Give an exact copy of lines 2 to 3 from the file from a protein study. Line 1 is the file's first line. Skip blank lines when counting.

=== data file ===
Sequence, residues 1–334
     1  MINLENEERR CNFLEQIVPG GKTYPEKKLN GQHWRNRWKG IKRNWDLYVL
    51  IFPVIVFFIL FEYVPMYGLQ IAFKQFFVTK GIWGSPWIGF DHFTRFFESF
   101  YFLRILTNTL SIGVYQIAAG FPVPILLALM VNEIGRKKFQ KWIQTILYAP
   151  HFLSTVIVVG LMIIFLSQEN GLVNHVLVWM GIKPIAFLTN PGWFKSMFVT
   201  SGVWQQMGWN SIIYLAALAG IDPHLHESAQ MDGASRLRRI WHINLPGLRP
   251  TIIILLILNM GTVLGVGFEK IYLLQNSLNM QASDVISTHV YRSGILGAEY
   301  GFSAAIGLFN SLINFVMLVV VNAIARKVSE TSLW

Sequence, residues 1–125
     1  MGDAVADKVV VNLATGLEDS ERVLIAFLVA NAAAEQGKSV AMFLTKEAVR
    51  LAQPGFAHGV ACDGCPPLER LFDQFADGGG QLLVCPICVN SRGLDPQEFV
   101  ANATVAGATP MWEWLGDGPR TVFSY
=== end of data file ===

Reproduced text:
     1  MINLENEERR CNFLEQIVPG GKTYPEKKLN GQHWRNRWKG IKRNWDLYVL
    51  IFPVIVFFIL FEYVPMYGLQ IAFKQFFVTK GIWGSPWIGF DHFTRFFESF